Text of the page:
1880 British Cavalry Sword Find @ Flea Market
I picked up a British sword today at the flea market and am trying to identify the model but have had no luck surfing the Internet. It has some engraving on the side which is hard to make out but partially reads E. W. Kelsall Kandaha 1880 Surgeon AMD. His medals sold on an auction site and how his sword ended up at a flea market in Northern California I'll never know. One side of the guard folds over. I've tried to add a photographs below.

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Hi Dennis, your sword looks like (probably is) the British Light Cavalry Officer's sword, pattern 1821. This pattern had a very long life - was not superseded until the 1896 pattern, though troopers, light and heavy cavalry, were issued with a new pattern in 1853. Can't help you with the owner, E.W.Kelsall, I'm afraid.

Many thanks for the identification. Looking up your information it would appear that this is in fact an 1821 pattern British Light Cavalry Officer's sword with a pipe back blade (learning new terminology) and a folding guard which I guess was an extra feature that you could order since officers had to purchase their own gear instead of it being issued to you like in the enlisted ranks. I found this short biography on line for the former owner of this sword:

Surgeon Edward W.Kelsall was born in 1851. He was educated for the medical profession, at the Royal College of Surgeons, and the College of Physicians, Dublin, and spent further time studying at the University of Edinburgh. He passed the open competition for Netley, and obtained his commission in 1875. In the Afghan War although he was sent to the front and though not present at Maiwand, he was active in bringing in the wounded on the fatal July 28th. In the ill fated sortie of August 15th, he was with the advanced line of skirmishers, and was one of the first to reach the hostile village, being close beside Major Trench when the latter was shot down. On the arrival of Sir F.Roberts' relieving force from Kabul, Dr Kelsall was detailed to join that General's army, and was present at the battle in which Ayoub Khan was routed. For his services in this campaign, Dr Kelsall was mentioned with commendation in the dispatches home, and received the medal and clasp. In 1882 he served in Egypt and was present both in Kassassin and Tel-el-Kebir. In 1884 he sailed for India, and was stationed at Kirkee (Bombay) until November 1886 when he received orders to join Sir F.Roberts' field force in Burma. He died on the 6th December 1886 as one of the first victims to cholera in the Yemethen district.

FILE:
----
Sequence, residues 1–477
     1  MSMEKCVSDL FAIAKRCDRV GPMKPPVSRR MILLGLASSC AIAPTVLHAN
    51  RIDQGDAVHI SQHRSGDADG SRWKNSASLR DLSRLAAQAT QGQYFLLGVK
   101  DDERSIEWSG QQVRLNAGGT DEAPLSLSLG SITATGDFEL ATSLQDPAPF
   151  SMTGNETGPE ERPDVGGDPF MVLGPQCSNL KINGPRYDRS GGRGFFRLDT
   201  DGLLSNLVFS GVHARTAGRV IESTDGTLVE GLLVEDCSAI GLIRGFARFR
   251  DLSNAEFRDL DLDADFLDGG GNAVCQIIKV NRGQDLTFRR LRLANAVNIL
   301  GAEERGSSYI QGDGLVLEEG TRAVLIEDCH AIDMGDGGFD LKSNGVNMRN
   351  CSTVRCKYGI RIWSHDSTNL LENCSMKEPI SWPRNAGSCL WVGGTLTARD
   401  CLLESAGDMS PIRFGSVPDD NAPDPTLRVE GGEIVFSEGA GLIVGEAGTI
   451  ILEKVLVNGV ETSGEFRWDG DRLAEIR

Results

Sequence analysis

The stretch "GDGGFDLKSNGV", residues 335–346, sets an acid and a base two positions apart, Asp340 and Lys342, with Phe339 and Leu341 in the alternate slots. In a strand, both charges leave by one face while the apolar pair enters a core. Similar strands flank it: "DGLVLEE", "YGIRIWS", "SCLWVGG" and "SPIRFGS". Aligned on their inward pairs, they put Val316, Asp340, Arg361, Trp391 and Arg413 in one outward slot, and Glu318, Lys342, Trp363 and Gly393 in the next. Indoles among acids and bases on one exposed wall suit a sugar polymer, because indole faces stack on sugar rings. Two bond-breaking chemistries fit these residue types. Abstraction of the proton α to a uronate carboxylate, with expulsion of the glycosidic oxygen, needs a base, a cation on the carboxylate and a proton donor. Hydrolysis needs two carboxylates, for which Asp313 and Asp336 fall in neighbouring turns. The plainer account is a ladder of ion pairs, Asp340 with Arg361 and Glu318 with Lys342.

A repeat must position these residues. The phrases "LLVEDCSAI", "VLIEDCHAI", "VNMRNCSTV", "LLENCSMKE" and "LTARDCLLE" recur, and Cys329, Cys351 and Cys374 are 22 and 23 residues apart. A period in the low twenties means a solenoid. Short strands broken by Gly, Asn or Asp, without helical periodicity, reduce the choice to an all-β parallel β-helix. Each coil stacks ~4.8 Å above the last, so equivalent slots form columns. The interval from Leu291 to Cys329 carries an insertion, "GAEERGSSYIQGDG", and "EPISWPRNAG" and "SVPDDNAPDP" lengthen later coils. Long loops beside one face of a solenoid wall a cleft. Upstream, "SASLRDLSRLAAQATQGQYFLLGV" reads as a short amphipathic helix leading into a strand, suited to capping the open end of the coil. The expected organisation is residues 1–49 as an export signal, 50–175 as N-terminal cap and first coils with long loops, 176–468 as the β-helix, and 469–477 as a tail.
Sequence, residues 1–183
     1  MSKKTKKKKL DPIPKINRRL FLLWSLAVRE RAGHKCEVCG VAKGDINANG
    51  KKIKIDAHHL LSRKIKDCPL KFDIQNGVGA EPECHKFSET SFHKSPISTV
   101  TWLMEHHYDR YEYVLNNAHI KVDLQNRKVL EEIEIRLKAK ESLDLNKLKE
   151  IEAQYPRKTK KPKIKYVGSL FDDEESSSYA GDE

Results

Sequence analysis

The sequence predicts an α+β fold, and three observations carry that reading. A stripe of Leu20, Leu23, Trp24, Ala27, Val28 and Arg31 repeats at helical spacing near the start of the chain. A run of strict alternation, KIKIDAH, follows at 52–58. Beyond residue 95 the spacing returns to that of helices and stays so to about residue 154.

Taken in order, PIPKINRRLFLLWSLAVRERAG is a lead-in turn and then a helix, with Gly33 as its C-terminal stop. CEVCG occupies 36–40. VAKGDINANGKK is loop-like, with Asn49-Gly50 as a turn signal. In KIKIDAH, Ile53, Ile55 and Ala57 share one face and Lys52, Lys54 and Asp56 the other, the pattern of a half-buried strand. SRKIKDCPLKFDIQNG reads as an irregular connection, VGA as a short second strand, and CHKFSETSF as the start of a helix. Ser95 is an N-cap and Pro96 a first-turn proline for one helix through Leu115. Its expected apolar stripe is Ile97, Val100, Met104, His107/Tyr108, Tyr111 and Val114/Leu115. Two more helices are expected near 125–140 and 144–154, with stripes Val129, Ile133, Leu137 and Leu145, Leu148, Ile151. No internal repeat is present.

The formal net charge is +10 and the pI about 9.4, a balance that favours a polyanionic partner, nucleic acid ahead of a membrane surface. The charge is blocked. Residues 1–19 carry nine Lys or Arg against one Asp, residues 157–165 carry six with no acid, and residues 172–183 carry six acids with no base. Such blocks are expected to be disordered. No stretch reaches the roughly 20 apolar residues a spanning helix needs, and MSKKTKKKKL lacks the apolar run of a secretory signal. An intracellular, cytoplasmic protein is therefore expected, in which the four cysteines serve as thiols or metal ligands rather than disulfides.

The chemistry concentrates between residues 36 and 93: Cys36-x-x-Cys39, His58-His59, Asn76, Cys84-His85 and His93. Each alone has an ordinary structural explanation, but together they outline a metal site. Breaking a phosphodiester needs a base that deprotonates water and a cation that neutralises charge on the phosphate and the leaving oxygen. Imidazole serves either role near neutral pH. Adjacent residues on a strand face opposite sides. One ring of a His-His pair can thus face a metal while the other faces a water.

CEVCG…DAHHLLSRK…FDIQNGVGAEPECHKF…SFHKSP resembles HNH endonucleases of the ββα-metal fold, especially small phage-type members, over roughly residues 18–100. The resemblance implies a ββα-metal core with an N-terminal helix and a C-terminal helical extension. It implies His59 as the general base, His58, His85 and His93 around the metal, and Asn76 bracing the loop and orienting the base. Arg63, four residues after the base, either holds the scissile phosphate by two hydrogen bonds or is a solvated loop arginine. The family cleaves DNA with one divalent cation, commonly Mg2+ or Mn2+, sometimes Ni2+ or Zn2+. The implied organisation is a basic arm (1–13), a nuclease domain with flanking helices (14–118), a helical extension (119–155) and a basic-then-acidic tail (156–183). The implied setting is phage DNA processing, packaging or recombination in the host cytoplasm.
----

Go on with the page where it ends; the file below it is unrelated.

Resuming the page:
He received the Royal Humane Society Medal for saving a boy from drowning on the 20th July 1869.
Thanks for that info, Dennis. I'm sure that profile of the original owner will add a lot to your appreciation of the sword, even though it's not in perfect condition. All officers had to carry a sword, of course, but why a surgeon had a cavalry sword I don't know. Another challenge for you!
Regards, Neil

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